2014 NFL Draft: Overhyped Prospects Who Will Fall on Draft Day

James ChristensenContributor IMay 1, 2014

2014 NFL Draft: Overhyped Prospects Who Will Fall on Draft Day

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    Is Teddy Bridgewater overrated?
    Is Teddy Bridgewater overrated?USA TODAY Sports

    Each year, the NFL draft features at least one overhyped prospect who defies expectations as they free-fall on draft day. Some exit the green room at the end of Day 1 like Aaron Rodgers. Others end up populating TV screens on Day 3 like Ryan Nassib.

    Injuries, issues away from football and concerns about physical traits all play a part in pushing talented prospects down the board. Occasionally it works out OK, like Seattle's 75th overall pick of Russell Wilson. Often, though, the teams that passed on a guy like Da'rick Rogers or Da'Quan Bowers are eventually proven right.

    Here are eight 2014 NFL draft prospects who I see falling further than many fans suspect.

C.J. Mosley (LB, Alabama)

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    Expectation: Top 15

    Reality: Late Round 1 or beyond

    C.J. Mosley has nearly every trait that you can ask for in an inside linebacker. He has the speed, athleticism, instincts, awareness, tackling ability and effort to be a top-five pick. That said, don't expect to hear his name called that early on Day 1.

    Durability is the first concern. Mosley has been slowed by a plethora of injuries during his time at Alabama, which will weigh on NFL teams despite coming out of the combine without any major red flags.

    Another issue is his position. Inside linebackers—like guards—just aren't drafted as high as other positions. According to DraftHistory.com, only eight have been selected in the first round since 2008. Fellow Alabama alum Rolando McClain was the highest pick at eighth overall in 2010.

    Regardless of where Mosley gets picked, an NFL team is going to get a talented football player for as long as he is healthy.

Teddy Bridgewater (QB, Louisville)

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    Expectation: Top 10

    Reality: Early Day 2

    In my opinion, Teddy Bridgewater deserves all of the hype he gets and perhaps even more. A fantastic football player with impeccable character, Bridgewater has nonetheless seen his ability and persona dragged through the mud over the past couple of months.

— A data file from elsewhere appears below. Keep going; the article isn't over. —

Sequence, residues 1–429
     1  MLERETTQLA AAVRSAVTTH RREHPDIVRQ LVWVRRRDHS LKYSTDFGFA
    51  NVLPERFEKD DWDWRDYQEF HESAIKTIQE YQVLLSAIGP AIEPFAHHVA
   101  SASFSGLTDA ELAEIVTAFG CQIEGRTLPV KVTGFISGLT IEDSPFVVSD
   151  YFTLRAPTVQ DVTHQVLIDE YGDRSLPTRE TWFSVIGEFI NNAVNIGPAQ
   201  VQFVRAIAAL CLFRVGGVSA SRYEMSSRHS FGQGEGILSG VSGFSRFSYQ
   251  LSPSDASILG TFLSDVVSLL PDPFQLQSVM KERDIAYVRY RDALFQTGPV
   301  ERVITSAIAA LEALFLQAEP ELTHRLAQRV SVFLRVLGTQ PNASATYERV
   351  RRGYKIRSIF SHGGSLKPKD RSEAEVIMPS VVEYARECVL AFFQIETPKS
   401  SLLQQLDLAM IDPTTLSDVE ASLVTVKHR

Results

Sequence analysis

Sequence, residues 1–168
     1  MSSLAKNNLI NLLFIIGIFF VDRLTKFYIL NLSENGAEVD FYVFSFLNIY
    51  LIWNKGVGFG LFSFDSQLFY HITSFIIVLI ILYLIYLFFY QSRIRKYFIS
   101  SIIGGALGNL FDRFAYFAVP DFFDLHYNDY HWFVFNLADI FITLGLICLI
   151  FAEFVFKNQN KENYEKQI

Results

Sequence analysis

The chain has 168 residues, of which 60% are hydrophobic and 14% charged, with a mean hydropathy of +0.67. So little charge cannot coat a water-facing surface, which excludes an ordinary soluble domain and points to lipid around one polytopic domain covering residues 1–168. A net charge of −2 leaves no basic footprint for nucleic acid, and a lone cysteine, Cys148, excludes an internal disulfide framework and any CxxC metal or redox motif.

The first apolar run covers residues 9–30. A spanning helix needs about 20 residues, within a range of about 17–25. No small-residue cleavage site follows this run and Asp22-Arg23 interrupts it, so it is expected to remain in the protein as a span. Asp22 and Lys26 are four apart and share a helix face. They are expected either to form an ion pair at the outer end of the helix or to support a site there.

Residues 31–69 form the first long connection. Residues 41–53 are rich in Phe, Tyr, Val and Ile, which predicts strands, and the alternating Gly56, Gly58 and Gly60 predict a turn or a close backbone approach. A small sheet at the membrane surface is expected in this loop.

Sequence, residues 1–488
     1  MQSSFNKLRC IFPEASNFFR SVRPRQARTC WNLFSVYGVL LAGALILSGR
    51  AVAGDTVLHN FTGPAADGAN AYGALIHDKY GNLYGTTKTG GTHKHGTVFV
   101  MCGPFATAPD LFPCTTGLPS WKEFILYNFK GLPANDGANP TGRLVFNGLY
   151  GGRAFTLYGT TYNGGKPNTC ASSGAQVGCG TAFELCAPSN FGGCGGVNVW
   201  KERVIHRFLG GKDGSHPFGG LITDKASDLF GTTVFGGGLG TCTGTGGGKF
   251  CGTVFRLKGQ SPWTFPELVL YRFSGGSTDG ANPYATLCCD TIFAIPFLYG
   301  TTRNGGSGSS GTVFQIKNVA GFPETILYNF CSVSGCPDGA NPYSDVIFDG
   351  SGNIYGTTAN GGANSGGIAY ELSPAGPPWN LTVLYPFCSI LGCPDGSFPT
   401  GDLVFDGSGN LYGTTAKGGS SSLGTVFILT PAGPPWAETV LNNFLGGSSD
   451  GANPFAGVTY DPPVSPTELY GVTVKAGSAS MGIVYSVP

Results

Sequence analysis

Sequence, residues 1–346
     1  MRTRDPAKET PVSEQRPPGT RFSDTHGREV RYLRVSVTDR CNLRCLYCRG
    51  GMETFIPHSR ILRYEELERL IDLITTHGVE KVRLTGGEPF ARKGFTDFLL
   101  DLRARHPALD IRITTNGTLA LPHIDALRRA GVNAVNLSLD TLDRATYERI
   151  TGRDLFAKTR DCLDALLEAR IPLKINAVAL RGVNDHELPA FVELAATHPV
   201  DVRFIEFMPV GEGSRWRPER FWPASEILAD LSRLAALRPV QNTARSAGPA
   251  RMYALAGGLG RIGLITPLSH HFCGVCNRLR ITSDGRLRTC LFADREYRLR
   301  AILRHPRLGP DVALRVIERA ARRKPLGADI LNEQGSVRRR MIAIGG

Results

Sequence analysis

Mike Mayock of NFL.com—who thinks Bridgewater is a Round 2 prospect—is the latest detractor.

    What I'm hearing is two things. Number one, when we saw him throw live we didn't see arm strength and didn't see accuracy. Number two, when you draft a quarterback in the first round you expect him to be the face of your franchise, you expect him to embrace the moment. I think people had some concerns about whether or not this young man is ready to step up and be the face of a franchise.

    On Mayock's first point, I didn't see any analysts questioning his arm prior to his pro day. Don't let one day of practice erase two years of game film. I won't deign his second point worthy of a response. 

    The tape doesn't lie. Bridgewater can play football. Any quarterback-needy team that passes on Bridgewater should be prepared to defend him.

Louis Nix III (DL, Notre Dame)

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    Expectation: Middle of Round 1

    Reality: Start of Round 2

    At first glance, you see Vince Wilfork. At second glance, you probably still see Vince Wilfork. After close inspection, however, Louis Nix III's appeal starts to wane.

    Nix doesn't beat single blockers as badly as he should and will occasionally get too high and get pushed off of his mark by combination blocks. His technique is only the first strike against him as a first-round pick.

    A torn meniscus and other leg problems derailed his final season at South Bend, and if he doesn't watch his weight and conditioning, he could be troubled long-term by injuries. Some NFL teams may also be concerned with his over-the-top act on Twitter and larger-than-life personality.

    If Nix can focus on getting his body and mind right for football, he could be a dominant performer inside in an odd front. Whether a team will take a chance on that in the first round remains to be seen.

Kelvin Benjamin (WR, Florida State)

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    Expectation: Middle of Round 1

    Reality: Middle of Day 2

    The 6'5", 240-pound Kelvin Benjamin cuts an imposing figure as a wide receiver. Unfortunately for the former Florida State Seminole, the focus hasn't always been on his physique—or even game tape—this spring.